Rapid Prototyping

September 15, 2010

There are many ways of testing and evaluating user experiences, but sometimes these tests come later in the design process than they should or not at all. How can we avoid this? How can we make sure that a communications service will work for the people it’s meant to work for?

Frank Bentley, a Motorola research scientist gave an informative talk yesterday at the Mobile Life Centre in Stockholm on rapid prototyping for mobile experiences. His team makes use of existing technologies – from cell phones, to wi-fi networks, to Flash, to Final Cut Pro, to tape and texting – to simulate how a new service or product might work. This allows them to get rough working prototypes of new mobile services out for field testing within days or weeks (vs. months or years).

Because they develop social applications Bentley’s team looks at how these prototypes are used not just by individual users, but by social groups, such as families, friends or co-workers. This helps them to determine more accurately how the service might be used in the real world.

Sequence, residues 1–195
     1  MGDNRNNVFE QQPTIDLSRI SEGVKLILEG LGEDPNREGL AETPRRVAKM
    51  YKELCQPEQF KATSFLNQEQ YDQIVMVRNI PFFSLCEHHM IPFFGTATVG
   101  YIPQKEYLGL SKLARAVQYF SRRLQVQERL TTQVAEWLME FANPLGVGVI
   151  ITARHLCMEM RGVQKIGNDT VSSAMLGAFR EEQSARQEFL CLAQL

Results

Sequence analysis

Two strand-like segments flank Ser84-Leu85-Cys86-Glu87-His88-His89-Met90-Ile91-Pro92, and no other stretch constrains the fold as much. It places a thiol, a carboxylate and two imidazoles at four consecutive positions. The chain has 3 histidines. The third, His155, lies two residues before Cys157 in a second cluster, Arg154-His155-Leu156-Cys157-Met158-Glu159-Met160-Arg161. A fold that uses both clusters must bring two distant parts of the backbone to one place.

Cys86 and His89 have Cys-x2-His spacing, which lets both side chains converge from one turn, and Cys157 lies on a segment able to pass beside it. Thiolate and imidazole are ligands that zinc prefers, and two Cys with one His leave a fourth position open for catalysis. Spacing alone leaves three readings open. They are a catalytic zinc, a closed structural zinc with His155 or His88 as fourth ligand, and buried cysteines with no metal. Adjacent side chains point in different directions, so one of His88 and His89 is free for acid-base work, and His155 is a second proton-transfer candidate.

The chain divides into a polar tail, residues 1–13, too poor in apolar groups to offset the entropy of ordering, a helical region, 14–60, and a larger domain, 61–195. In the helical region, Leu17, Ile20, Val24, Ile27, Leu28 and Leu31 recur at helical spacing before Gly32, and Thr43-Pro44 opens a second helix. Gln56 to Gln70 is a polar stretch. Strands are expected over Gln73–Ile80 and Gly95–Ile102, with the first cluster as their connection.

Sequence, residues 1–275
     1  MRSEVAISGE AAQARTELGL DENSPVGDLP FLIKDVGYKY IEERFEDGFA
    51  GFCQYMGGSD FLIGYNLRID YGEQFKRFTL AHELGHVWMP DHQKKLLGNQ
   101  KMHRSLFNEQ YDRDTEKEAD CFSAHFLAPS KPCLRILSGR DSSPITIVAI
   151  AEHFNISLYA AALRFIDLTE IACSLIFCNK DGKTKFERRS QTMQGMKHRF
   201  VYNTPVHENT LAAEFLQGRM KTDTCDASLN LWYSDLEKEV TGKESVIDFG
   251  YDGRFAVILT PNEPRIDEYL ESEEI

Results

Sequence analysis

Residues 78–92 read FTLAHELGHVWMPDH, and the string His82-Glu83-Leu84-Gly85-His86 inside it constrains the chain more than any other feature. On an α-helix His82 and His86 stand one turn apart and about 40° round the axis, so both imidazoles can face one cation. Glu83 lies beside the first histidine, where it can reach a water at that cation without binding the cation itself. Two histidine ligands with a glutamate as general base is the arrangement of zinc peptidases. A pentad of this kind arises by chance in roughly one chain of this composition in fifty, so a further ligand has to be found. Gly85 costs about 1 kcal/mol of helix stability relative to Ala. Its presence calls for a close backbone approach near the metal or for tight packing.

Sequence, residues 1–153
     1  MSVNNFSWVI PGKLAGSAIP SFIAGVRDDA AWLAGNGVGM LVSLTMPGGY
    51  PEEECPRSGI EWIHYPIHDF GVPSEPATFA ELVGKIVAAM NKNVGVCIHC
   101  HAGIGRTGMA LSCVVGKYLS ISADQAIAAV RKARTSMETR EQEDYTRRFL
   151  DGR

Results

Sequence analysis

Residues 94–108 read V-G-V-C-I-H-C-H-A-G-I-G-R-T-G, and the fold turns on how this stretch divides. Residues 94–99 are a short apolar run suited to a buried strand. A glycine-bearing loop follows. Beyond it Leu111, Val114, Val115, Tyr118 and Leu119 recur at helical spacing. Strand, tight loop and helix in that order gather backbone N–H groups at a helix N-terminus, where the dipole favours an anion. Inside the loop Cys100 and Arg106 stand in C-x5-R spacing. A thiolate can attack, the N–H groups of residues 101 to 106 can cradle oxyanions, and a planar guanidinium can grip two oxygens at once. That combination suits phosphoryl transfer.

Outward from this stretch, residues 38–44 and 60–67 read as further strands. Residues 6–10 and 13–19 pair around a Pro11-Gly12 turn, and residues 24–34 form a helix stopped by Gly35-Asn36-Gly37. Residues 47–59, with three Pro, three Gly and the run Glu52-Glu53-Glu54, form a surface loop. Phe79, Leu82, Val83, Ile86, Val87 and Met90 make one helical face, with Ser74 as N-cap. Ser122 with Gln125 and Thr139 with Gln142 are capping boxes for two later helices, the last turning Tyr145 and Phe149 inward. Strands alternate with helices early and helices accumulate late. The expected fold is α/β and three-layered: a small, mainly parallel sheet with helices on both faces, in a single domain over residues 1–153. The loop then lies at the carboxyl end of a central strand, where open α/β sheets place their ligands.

Each new field test feeds into an iterative process where the service is tweaked and improved. So, by the time that Motorola makes the decision whether to develop the service or not they have a sense of its potential applications and pitfalls, all without spending much money: “you can learn a lot from a prototype that does a little,” Bentley commented, and “the earlier you get the data, the easier it is to change course.”

In more depth, Bentley explained that his R&D process often starts out with a relatively lengthy period of ethnographic research on the communications practices of the potential market. This leads to idea generation for new services, and finally to the rapid prototyping phase. Data from the rapid prototyping sessions is collected in multiple ways, including: asking participants to call in and leave nightly voicemail reports on their experiences, pre- and post- in-home interviews, in-field observation, and server data tracking how the devices are used.

It seems that this process could be a valuable means of user testing for other groups: people whose needs are often overlooked by the telecom industry, such as low-income individuals. How could rapid prototyping, for example, be applied to making sure that subsidized communications services like Lifeline/Link-Up, SafeLink, and future programs work well for their customers?

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Social Impact, Systems